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Genetic and Rare Diseases Information Center (GARD)

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Ehlers-Danlos syndrome progeroid type


Other Names for this Disease

  • Dermatan sulfate proteoglycan
  • Galactosyltransferase 1 deficiency
  • PDS, defective biosynthesis of
  • Proteodermatan sulfate, defective biosynthesis of
  • XGPT deficiency
See Disclaimer regarding information on this site. Some links on this page may take you to organizations outside of the National Institutes of Health.

Symptoms

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What are the signs and symptoms of Ehlers-Danlos syndrome progeroid type?

Ehlers-Danlos syndrome refers to a group of connective tissue disorders characterized by stretchy or “kneadable” skin, double jointedness, and delayed healing of skin wounds. In addition to these traits, individuals with the progeroid type have thin curly hair, sparse eyebrows and eyelashes, loose elastic skin on the face, and may also have uneven facial features.[1] Although “progeroid” means "appearance similar to old age", individuals with progeroid Ehlers-Danlos syndrome do not actually have premature aging and are not expected to have a shortened life span. Other symptoms may include poor muscle tone, fragile bones from low bone mineral density, abnormal teeth, and infection of gums around the teeth. Children who are affected may have delayed growth, which can result in short stature as an adult (less than 152cm).[1][2][3] Mild intellectual disabilities or learning disabilities have also been associated with this disorder.[4]
Last updated: 7/13/2011

The Human Phenotype Ontology provides the following list of signs and symptoms for Ehlers-Danlos syndrome progeroid type. If the information is available, the table below includes how often the symptom is seen in people with this condition. You can use the MedlinePlus Medical Dictionary to look up the definitions for these medical terms.

Signs and Symptoms Approximate number of patients (when available)
Abnormality of adipose tissue 90%
Abnormality of the aortic valve 90%
Abnormality of the pulmonary valve 90%
Cryptorchidism 90%
Epicanthus 90%
Flexion contracture 90%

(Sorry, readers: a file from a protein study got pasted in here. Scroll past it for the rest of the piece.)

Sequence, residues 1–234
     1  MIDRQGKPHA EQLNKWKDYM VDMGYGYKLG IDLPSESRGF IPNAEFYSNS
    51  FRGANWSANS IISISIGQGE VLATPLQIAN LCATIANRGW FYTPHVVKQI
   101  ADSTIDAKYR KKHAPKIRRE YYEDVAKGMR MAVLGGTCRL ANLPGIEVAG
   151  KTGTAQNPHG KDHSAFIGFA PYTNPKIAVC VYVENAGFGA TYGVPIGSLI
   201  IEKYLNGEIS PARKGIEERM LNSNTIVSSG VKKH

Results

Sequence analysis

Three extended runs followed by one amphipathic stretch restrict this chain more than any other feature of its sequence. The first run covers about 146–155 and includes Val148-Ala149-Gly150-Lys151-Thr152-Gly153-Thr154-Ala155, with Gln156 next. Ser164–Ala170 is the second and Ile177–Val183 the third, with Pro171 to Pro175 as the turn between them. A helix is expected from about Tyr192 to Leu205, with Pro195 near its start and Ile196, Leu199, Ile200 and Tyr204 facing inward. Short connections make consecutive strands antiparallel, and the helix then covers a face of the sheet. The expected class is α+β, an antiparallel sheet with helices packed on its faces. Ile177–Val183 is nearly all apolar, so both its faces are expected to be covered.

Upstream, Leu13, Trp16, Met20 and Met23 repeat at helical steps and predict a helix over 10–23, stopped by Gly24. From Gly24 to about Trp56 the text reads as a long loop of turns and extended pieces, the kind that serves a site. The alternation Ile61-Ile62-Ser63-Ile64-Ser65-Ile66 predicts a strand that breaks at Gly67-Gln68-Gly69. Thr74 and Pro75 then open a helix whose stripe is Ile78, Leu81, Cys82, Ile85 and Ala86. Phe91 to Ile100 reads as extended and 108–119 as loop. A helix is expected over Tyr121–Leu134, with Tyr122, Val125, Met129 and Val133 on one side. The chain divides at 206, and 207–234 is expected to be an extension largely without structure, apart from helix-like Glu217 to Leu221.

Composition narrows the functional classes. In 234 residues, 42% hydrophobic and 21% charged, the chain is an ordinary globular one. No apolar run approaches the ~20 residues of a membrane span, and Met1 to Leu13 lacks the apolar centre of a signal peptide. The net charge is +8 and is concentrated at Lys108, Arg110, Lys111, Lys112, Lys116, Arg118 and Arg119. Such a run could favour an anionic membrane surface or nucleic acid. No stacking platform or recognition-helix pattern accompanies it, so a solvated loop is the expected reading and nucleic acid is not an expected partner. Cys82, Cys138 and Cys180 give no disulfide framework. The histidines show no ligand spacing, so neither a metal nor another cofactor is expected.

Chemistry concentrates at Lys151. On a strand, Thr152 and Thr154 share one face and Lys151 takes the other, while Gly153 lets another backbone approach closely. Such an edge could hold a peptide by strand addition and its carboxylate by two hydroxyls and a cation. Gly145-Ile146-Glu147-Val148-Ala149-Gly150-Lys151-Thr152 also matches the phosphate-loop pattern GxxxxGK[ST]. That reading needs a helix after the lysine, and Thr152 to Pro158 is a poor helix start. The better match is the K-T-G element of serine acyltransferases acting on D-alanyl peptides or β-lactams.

Gingivitis 90%
Muscular hypotonia 90%
Prematurely aged appearance 90%
Short stature 90%
Testicular torsion 90%
Thin skin 90%
Abnormal facial shape 50%
Abnormality of skin pigmentation 50%
Alopecia 50%
Aplasia/Hypoplasia of the abdominal wall musculature 50%
Atypical scarring of skin 50%
Reduced bone mineral density 50%
Skeletal dysplasia 50%
Telecanthus 50%
Joint hypermobility 7.5%
Abnormality of metabolism/homeostasis -
Aplasia/Hypoplasia of the earlobes -
Arachnodactyly -
Atrophic scars -
Autosomal recessive inheritance -
Bifid uvula -
Coxa valga -
Failure to thrive -
Joint laxity -
Long toe -
Macrocephaly -
Muscular hypotonia -
Narrow chest -
Narrow mouth -
Osteopenia -
Palmoplantar cutis gyrata -
Pes planus -
Proptosis -
Radioulnar synostosis -
Short clavicles -
Short stature -
Single transverse palmar crease -
Slender toe -
Small face -
Sparse scalp hair -
Wide nasal bridge -

Last updated: 9/2/2014

The Human Phenotype Ontology (HPO) has collected information on how often a sign or symptom occurs in a condition. Much of this information comes from Orphanet, a European rare disease database. The frequency of a sign or symptom is usually listed as a rough estimate of the percentage of patients who have that feature.

The frequency may also be listed as a fraction. The first number of the fraction is how many people had the symptom, and the second number is the total number of people who were examined in one study. For example, a frequency of 25/25 means that in a study of 25 people all patients were found to have that symptom. Because these frequencies are based on a specific study, the fractions may be different if another group of patients are examined.

Sometimes, no information on frequency is available. In these cases, the sign or symptom may be rare or common.


References
  1. Faiyaz-Ul-Haque M. et al. A novel missense mutation in the galactosyltransferase-I (B4GALT7) gene in a family exhibiting facioskeletal anomalies and Ehlers-Danlos syndrome resembling the progeroid type. Am. J. Med. Genet.. 2004; 128(A):39-45.
  2. Kresse H, Rosthoj S, Quentin E, Hollmann J, Glossl J, Okada S, Tonnesen T. Glycosaminoglycan-free small proteoglycan core protein is secreted by fibroblasts from a patient with a syndrome resembling progeroid. Am. J. Hum. Genet. 1987; 41:436-453.
  3. Quentin E, Gladen A, Roden L, Kresse H. A genetic defect in the biosynthesis of dermatan sulfate proteoglycan: Galactosyltransferase I deficiency in fibroblasts from a patient with a progeroid syndrome. Proc. Natl. Acad. Sci. 1990; 87:1342-1346.
  4. Hernandez A. et al. Ehlers-Danlos features with progeroid facies and mild mental retardation: further delineation of the syndrome. Clinical Genetics. 1986; 30:456-461.


Other Names for this Disease
  • Dermatan sulfate proteoglycan
  • Galactosyltransferase 1 deficiency
  • PDS, defective biosynthesis of
  • Proteodermatan sulfate, defective biosynthesis of
  • XGPT deficiency
See Disclaimer regarding information on this site. Some links on this page may take you to organizations outside of the National Institutes of Health.